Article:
The fight against the far-right Alternative for Germany requires a socialist perspective

The SEP and IYSSE distributed the following statement at demonstrations in Berlin on Sunday against the fascist Alternative for Germany (AfD), which held its own national demonstration in the city. Tens of thousands of workers, youth and professionals took part in the counter-demonstrations, which dwarfed the pro-fascist rally.

Tens of thousands are protesting today in Berlin against the Alternative for Germany (AfD) because they want to oppose the nationalism and racism of the right-wing extremists. The fascist politics that led to the most terrible crimes in human history must never again prevail! The barbarism and catastrophes of the past must not be repeated!

Many ask in horror how it can be that the extreme right is marching again in Berlin, of all places.

The answer requires a Marxist understanding of politics and history. Like the rise of the Nazis, the AfD is not an accident. Under conditions of the deepest crisis of capitalism since the 1930s, the eruption of wars around the world, and the growth of conflicts between the major powers, the extreme right is being promoted by the ruling class to impose its deeply unpopular policies—militarism, the expansion of the powers of the state at home and abroad, and massive social cuts. Without an understanding of this context, it is impossible to fight the AfD.

The fact that the fight against the right-wing extremists cannot be oriented to the capitalist state and its parties, but requires the independent mobilization of the working class on the basis of a socialist perspective, is demonstrated by the origins of the leading AfD politicians. Many are recruited directly from the state apparatus—mainly from the military, the judiciary and the police—or previously belonged to an establishment party.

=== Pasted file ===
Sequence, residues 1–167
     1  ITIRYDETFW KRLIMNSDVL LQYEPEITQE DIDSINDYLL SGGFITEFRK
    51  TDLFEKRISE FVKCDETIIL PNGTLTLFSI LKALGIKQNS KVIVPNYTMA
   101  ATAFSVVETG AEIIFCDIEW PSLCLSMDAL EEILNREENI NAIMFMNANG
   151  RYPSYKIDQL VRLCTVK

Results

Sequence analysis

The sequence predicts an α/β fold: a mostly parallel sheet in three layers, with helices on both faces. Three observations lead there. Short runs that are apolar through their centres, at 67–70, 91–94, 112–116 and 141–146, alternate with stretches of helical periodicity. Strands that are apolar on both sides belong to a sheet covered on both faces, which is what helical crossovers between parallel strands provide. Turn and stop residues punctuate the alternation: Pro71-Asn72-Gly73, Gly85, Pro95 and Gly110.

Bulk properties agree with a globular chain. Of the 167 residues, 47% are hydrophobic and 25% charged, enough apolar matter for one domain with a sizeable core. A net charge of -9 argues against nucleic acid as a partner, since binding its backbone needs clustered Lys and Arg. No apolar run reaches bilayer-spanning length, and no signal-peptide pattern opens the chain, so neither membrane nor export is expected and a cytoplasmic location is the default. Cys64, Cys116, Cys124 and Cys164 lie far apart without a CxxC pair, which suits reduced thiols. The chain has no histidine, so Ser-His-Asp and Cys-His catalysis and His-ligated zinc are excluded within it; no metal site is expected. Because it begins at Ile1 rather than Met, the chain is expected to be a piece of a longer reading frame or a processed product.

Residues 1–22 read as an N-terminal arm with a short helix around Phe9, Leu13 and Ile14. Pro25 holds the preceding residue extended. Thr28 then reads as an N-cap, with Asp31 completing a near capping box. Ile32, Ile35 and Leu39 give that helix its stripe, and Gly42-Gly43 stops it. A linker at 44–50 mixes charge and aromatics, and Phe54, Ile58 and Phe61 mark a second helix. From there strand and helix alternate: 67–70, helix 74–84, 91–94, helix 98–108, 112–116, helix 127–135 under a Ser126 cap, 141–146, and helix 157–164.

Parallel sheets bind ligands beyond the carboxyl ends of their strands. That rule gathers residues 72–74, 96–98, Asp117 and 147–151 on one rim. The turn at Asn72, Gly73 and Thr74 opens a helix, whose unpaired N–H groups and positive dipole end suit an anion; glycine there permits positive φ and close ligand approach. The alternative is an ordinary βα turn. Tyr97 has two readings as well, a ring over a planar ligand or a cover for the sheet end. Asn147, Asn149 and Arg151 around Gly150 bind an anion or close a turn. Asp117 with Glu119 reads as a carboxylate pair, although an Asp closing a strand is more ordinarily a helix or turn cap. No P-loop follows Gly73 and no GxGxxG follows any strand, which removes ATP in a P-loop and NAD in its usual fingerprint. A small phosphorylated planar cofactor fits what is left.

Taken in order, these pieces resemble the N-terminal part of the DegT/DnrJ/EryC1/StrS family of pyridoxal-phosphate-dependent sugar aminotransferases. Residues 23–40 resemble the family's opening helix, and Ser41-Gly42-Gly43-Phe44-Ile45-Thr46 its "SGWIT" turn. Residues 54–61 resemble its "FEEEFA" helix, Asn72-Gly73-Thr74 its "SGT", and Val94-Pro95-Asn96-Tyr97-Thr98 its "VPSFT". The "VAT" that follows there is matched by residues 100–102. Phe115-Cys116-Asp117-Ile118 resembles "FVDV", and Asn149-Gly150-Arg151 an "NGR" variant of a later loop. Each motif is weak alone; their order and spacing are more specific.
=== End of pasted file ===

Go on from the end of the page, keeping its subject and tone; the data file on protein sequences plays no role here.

AfD Chairman Alexander Gauland was a high-ranking official of the Christian Democratic Union (CDU) for 40 years before he founded the AfD in 2013. Guido Reil, one of the organizers of today’s AfD march, is a member of the IG BCE mining, chemicals and energy union and was a member of the Social Democratic Party (SPD) for 26 years before joining the AfD two years ago. Georg Pazderski, chairman of the AfD in Berlin, is a former colonel in the Bundeswehr (armed forces).

The extreme-right dares to raise its head so provocatively because the grand coalition government of the Christian Democrats and Social Democrats, and the other parties in the Bundestag (parliament), have largely adopted their programme. In her inaugural government statement last week, Chancellor Angela Merkel pledged once again to implement NATO’s target for military spending of 2 percent of the gross domestic product—that is, to increase the military budget from the current €37 billion to more than €70 billion by 2024.

At the same time, she conspicuously praised the so-called “anchor centres” advocated by Interior Minister Horst Seehofer (Christian Social Union—CSU), where asylum seekers are kept locked up prior to deportation. It is, she explained, about “creating a functioning culture of repatriation in Germany. Those who do not have the right to stay, have to leave.”